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How Much Chlorine Should Be Used in a 1000 Gallon Pool?

By Contributor ; Updated September 21, 2017
Crystal clean pool water.

When it comes to sanitizing your pool water one of the best chemicals to use is chlorine. Because chlorine is a corrosive it must be dispensed into the pool water at the proper rate otherwise it could become harmful to anyone swimming in the water.

Types of Chlorine

There are basically three forms of chlorine that you may find in a pool. The first is free available chlorine or sometimes referred to as residual chlorine. This is the amount of chlorine in the water that will actually sanitize the water by killing bacteria and algae. The second form is combined chlorine which occurs when there is not enough free available chlorine in the water. This actually creates undesirable irritants in the water because it is not being properly sanitized. The third is total chlorine, which is a measure of free available chlorine and combined chlorine in the water. The form should always concern yourself with is free available chlorine as that is the one that works to keep your pool water clear and clean.

Adding Chlorine to Your Pool

Free available chlorine is available in granular and solid forms. Solid 1- or 3-inch tablets are slow dissolving while granular will rapidly dissolve in the water. When using granular chlorine it is best to first dissolve it into a bucket of water, and then add the water mixture to the pool water. Unless your pool is made of concrete, chlorine should never be added directly to the water. If it comes in direct contact with the walls or bottom it may damage materials such as fiberglass or plastic. A general rule you can follow when adding chlorine is 1/2 ounce for every 500 gallons of water on a weekly basis. If you have a 1,000 gallon pool an ounce a week should be enough to effectively sanitize the water.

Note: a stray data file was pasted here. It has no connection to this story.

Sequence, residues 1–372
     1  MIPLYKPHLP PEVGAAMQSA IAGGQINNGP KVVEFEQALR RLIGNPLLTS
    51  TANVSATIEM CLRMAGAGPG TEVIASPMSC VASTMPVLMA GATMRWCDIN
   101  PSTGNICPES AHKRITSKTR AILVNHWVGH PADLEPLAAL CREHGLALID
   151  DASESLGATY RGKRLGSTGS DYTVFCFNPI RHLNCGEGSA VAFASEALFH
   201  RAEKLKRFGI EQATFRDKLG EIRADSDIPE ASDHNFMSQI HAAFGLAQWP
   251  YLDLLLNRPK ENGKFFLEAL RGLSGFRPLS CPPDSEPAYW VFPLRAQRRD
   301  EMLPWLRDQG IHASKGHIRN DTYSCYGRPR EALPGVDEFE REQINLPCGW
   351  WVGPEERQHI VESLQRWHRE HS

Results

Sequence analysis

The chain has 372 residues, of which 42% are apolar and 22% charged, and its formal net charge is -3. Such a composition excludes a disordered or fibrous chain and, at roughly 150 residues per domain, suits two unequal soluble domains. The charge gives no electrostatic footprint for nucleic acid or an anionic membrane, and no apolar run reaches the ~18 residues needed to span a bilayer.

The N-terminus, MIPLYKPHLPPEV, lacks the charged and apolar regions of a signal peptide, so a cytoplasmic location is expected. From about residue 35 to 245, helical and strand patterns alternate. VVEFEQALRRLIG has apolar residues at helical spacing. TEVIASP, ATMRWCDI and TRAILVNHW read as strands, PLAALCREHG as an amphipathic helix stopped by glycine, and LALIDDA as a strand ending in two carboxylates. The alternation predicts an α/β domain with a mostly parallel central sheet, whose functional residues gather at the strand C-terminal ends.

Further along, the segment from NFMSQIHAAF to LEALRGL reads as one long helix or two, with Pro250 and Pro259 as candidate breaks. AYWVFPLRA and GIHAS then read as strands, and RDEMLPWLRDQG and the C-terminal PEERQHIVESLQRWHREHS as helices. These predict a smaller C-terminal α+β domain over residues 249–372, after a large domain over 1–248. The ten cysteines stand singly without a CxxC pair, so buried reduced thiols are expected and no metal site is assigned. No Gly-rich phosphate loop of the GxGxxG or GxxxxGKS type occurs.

Checking Chlorine Levels in the Water

Because there are many factors that affect the amount of free available chlorine in the water, you need to test the pool on a regular basis. Some of these factors include water temperature as the higher the temperature the more rapid the chlorine will disperse. Exposure to sunlight as well as heavy usage will also increase chlorine consumption. Using a test kit that you can find anywhere pool supplies are sold, you can measure the current amount of free available chlorine. An acceptable reading would be within 1-3 ppm (parts per million) with the ideal setting being 2 ppm. If the water reads lower than 1 ppm your will need to slowly add some additional chlorine to raise the level. If the reading is above 3 ppm, you should refrain from swimming in the water until the chlorine level drops below 3.


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